This museum of pint-sized pieces showcases more than 275 miniature houses, room boxes, and other collectibles that are organized into three categories: Enchanted Realm, History and Antiques Gallery, and Exploring the World. Leave the girth of planet Earth and enter the whimsical fantasyland of a tiny-sized Enchanted Realm. Interactive exhibits allow you to search for an elusive fairy within the goblets of a sentient tree showpiece or unearth scattered woodland creatures, snow villages, fairy castles, and witch compounds. Teleport through the blue, arched rotunda to the History and Antiques Gallery, which chronicles the significance of miniature relics throughout history and displays one of the oldest mini houses in the United States, dating back to 1775. Travel the floor as a nephilim Magellan in the Exploring the World section, which surveys the cultural value of miniatures from other countries.
Nearly a half century ago, horticulturist Harrison G. Yocum opened his backyard to the public, displaying a bounteous collection of cacti and palms. After a few relocations, expansions, and the establishment of a nonprofit charter, Tucson Botanical Gardens now spreads 17 distinct plots across more than 5 acres. A delicate rumble hearkens the arrival of the Garden Railway miniature train, which winds through gardens uniquely dedicated to birds, butterflies, wildflowers, and traditional Native American crops. Admission—which is free for garden members and children younger than 3—grants passage to five different tours, and groups of 10 or more can arrange self-guided or docent-led tours at a discounted rate. If visitors awaken their appetites by savoring aromas from the onsite herb garden or by staring at clouds shaped like canned goods, they can dig in at the Gardens' Café, where sun spills through a slatted gazebo onto iron tables loaded with roast-beef baguettes and mexican tortilla soup.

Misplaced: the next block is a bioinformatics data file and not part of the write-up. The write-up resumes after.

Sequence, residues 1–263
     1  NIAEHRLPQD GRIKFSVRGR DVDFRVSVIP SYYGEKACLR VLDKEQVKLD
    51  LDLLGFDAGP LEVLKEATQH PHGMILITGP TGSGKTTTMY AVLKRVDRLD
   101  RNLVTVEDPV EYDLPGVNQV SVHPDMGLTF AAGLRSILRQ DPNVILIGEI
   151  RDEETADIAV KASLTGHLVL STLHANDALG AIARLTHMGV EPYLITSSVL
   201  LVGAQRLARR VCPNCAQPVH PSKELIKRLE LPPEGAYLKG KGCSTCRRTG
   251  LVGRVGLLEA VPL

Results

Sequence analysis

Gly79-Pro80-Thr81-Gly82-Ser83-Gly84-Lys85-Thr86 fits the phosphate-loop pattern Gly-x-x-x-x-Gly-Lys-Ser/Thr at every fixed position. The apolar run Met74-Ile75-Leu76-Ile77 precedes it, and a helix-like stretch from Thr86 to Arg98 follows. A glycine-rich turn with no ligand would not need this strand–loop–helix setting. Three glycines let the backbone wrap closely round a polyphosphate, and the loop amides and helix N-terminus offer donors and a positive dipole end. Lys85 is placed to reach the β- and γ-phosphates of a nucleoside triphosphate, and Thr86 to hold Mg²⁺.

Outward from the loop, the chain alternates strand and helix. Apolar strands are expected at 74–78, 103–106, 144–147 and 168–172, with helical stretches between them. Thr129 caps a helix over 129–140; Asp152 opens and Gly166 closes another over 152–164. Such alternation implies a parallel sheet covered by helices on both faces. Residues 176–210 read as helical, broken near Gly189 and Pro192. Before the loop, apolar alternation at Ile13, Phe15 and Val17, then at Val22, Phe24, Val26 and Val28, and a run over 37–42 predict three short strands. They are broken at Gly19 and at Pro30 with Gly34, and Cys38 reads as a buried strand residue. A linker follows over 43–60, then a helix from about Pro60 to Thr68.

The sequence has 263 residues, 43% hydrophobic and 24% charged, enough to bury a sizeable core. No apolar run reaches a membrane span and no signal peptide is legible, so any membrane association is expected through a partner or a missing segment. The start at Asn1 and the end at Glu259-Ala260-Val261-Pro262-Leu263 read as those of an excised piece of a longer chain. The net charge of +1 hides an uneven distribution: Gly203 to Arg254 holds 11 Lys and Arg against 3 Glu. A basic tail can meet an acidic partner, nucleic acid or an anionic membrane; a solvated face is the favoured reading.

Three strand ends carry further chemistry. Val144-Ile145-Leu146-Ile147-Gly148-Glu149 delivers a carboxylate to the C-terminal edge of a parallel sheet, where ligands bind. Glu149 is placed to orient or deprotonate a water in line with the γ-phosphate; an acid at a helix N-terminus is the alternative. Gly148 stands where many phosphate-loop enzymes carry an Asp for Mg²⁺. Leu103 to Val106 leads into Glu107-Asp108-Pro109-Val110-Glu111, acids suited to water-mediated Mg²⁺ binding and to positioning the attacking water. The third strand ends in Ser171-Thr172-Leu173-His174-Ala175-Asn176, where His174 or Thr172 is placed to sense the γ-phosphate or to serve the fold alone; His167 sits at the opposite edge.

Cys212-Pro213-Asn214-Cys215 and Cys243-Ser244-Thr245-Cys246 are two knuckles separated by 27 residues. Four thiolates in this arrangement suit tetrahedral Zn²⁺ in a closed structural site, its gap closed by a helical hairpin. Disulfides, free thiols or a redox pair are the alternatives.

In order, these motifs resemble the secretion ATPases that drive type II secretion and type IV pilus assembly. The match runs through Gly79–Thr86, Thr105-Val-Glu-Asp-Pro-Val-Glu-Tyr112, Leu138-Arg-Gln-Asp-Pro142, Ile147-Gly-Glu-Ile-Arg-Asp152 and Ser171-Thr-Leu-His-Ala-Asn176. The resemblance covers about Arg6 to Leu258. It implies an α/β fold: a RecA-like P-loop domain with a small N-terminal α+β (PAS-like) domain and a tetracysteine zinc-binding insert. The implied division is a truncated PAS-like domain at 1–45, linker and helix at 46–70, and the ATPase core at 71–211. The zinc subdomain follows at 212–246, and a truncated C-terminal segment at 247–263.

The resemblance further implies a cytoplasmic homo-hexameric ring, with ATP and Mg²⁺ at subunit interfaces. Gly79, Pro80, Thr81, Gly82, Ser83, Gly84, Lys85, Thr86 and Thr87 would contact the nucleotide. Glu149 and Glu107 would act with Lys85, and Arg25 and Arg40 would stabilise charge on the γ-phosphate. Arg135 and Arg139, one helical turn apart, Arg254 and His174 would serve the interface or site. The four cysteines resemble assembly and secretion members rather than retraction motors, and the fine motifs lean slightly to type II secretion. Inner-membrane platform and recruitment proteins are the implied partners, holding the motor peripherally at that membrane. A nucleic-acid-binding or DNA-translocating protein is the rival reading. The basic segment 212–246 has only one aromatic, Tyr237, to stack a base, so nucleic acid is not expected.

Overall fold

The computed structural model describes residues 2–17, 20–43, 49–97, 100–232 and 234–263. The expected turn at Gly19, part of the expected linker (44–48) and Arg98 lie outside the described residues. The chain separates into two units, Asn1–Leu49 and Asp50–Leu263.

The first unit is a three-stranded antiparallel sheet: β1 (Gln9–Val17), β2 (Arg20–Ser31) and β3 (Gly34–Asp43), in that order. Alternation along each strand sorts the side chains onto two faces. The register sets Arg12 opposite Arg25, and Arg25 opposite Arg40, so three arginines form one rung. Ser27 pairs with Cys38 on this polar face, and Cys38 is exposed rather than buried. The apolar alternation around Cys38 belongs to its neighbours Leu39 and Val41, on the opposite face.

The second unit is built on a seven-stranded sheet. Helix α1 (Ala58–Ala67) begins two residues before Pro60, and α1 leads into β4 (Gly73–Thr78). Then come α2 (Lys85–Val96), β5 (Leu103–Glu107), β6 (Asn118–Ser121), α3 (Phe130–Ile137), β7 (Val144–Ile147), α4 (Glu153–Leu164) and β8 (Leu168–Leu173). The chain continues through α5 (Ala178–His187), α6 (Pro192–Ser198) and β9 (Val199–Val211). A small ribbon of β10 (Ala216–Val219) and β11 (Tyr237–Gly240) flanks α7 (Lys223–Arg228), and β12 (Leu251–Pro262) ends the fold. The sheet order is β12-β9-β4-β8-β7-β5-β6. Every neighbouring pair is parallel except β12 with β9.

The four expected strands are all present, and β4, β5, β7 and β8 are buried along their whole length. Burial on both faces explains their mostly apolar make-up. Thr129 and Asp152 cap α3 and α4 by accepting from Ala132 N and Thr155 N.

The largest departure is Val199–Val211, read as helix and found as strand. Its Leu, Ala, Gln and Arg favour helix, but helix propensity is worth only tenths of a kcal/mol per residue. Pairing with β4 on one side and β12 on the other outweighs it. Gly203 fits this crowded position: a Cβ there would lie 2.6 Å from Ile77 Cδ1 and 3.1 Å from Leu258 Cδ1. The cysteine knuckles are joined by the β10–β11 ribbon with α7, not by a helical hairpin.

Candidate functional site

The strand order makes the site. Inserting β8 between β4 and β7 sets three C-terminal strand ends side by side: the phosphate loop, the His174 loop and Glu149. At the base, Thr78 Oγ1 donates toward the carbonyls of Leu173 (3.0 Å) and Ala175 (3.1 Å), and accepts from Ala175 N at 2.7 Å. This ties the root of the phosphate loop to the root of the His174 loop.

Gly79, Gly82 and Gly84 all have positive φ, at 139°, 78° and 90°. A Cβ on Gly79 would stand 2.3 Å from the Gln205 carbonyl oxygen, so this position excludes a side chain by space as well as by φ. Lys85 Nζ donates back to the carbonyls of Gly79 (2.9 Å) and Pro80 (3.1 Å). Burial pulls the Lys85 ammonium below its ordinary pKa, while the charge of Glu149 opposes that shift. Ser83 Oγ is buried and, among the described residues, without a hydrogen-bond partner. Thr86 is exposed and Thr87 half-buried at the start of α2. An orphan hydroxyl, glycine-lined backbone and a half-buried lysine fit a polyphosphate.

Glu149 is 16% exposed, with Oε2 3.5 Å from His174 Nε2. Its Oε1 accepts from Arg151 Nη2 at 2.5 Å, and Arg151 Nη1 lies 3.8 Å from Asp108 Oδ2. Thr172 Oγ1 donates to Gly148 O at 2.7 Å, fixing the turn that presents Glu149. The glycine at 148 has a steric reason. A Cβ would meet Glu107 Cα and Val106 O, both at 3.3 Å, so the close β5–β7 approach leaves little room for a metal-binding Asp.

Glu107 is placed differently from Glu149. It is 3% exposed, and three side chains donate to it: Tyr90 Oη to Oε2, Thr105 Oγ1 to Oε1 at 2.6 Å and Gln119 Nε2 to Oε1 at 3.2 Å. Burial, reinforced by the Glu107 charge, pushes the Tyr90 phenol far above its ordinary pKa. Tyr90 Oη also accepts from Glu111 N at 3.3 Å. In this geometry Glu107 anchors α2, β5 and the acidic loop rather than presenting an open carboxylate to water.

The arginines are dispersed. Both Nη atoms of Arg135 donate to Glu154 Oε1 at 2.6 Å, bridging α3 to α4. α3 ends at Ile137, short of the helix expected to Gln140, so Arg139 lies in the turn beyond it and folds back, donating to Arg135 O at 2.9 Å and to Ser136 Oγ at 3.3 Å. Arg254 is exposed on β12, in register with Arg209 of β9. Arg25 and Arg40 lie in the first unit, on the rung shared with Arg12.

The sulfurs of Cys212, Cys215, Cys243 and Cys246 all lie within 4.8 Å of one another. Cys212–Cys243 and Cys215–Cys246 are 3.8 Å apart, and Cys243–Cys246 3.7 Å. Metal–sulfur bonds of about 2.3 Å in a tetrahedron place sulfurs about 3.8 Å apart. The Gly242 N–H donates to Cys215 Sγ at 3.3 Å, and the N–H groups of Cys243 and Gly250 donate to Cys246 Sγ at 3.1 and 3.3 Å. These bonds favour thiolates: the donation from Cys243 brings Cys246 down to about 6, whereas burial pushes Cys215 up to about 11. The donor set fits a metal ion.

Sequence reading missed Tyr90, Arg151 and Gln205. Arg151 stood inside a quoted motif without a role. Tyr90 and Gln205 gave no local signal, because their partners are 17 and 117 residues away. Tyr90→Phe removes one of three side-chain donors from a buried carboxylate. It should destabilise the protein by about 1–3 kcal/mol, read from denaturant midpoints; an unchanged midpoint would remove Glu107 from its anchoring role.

Built by George Phar Legler to bring happiness and relaxation to adults and children alike, Valley of the Moon is a historic fantasy site featuring whimsical structures, creatures, and nature areas. Guests can take free fairy tours, visit the bunny theater, or explore areas such as the enchanted garden and gnome city. Storyteller guides offer fun and fantastical narratives to bring visits to life, all part of Legler's original vision to bring more happiness, peace, and gnomes'-rights awareness into the world.
High above the Sonoran desert, on the Tohono O'odham Reservation, the Kitt Peak National Observatory keeps track of the night sky with the world's largest collection of independent telescopes. Throughout the day, guides lead tours of three of the behemoths, including the world's largest solar telescope and a historic gazing dome built in 1973 to broadcast the moon explorers’ games of golf. On those chilly desert evenings, visitors can take part in the nightly observing program and view distant planets and far-off galaxies through 20- and 16-inch telescopes. Reservations are recommended; the program is quite popular and stars tend to shyly hide behind comets around large groups.
Located on the University of Arizona’s campus, the Flandrau Science Center and Planetarium opens the eyes of all ages to the scientific wonders of our planet, solar system, and universe. The center houses a mineral collection that dates back to 1892, and now holds more than 26,000 specimens including meteorites and minerals from Arizona, Mexico, and elsewhere in the world. They also feature exhibits such as an exploration of Arizona’s Sky Islands—mountains that rise above the desert basins and shelter myriad plants, birds, and animals. Other exhibits include Mars: Up Close and Personal, which features a scale model of the red planet’s surface.